Nurses And Grieving : A Time For Change

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Nurses and Grieving: A Time for Change
Elli Hunt
Denver School of Nursing Abstract
Individuals enter nursing with a wide array of experiences in how they grieve the loss of someone or something. These experiences follow them into their career and express themselves in the way they grieve for the loss of a patient. Evidence shows that this has historically been inadequate and unhealthy. To prevent the negative impact that ineffective grieving has upon the individual the approach to the grieving process must change. In doing so nurses will become more emotionally and physically stable while going through these difficult times, ultimately helping the healthcare institution to thrive.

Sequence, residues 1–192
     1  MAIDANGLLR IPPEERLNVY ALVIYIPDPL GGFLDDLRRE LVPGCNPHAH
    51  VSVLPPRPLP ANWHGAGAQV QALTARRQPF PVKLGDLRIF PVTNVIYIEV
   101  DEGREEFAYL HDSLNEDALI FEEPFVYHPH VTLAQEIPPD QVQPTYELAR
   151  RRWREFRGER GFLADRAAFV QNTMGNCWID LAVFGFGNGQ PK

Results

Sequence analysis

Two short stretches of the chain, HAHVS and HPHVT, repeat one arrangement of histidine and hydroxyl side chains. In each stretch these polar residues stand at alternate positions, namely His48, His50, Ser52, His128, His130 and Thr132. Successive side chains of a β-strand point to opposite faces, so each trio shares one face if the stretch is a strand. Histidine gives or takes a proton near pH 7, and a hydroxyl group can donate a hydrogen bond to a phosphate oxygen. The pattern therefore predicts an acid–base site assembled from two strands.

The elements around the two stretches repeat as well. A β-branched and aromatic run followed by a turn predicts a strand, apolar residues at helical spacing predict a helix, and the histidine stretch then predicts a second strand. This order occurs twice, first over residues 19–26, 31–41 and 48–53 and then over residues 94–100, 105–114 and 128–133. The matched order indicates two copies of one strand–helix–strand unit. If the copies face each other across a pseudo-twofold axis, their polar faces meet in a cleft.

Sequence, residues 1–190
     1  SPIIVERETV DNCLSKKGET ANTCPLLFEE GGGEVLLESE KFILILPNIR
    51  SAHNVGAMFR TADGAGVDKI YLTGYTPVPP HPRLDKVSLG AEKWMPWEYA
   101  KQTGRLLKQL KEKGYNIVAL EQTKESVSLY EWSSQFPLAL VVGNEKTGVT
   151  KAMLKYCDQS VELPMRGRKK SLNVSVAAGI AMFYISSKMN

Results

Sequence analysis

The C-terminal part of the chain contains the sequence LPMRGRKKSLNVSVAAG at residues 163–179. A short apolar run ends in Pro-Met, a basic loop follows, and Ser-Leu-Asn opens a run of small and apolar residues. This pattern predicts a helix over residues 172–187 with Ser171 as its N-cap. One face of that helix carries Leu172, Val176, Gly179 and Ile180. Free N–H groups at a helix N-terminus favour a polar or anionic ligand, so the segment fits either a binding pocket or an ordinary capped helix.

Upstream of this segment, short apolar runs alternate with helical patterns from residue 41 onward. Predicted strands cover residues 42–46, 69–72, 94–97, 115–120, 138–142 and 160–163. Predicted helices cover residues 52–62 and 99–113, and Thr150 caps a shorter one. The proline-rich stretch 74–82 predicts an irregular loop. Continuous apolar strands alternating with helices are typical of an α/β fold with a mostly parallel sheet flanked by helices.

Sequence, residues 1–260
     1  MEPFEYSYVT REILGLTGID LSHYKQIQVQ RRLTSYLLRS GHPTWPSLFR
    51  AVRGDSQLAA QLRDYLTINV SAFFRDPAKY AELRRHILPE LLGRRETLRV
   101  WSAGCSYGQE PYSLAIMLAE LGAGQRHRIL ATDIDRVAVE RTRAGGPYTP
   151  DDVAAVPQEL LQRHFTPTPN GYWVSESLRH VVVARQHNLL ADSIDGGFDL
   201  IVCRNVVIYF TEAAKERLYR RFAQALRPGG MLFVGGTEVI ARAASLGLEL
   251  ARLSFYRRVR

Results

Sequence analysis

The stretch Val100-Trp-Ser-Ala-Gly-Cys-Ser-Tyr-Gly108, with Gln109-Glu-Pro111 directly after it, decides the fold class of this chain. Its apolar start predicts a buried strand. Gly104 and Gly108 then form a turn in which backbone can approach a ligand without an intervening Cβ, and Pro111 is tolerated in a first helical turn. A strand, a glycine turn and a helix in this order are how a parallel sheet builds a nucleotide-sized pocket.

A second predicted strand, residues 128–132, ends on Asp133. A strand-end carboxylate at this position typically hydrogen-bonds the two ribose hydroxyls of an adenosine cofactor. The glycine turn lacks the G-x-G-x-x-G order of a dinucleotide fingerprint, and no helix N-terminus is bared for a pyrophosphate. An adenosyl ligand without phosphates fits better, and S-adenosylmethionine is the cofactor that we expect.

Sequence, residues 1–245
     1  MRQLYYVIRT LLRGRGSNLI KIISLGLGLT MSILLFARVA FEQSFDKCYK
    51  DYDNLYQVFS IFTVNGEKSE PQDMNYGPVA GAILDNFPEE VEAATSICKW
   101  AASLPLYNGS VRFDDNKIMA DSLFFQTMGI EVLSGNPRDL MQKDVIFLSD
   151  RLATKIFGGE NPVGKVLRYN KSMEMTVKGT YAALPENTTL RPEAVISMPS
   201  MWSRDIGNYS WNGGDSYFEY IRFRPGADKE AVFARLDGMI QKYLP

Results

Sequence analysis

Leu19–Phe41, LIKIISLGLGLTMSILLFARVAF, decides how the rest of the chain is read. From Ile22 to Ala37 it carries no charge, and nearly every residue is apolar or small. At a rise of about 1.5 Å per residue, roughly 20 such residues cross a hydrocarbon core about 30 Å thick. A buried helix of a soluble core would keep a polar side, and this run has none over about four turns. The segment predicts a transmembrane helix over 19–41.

My husband, Bob, a veteran nurse for 30 years stares into the distance with a seemingly emotional detachment as he recollects the horrifying events of that day. As a new nurse working in a small rural hospital he was wrapping up his typical day finalizing charts and making sure his 32 patients were doing well when he received the call from an Emergency Room (ER) technician. A father had frantically called the ER stating he was bringing his 18-month old boy in who he had accidently run over with his riding lawn mower. Bob responded immediately and within minutes saw a man running toward the door holding a small lifeless figure wrapped in a blood soaked towel. Bob took the child from the father and ran into the trauma room where he unwrapped the towel from the child. The

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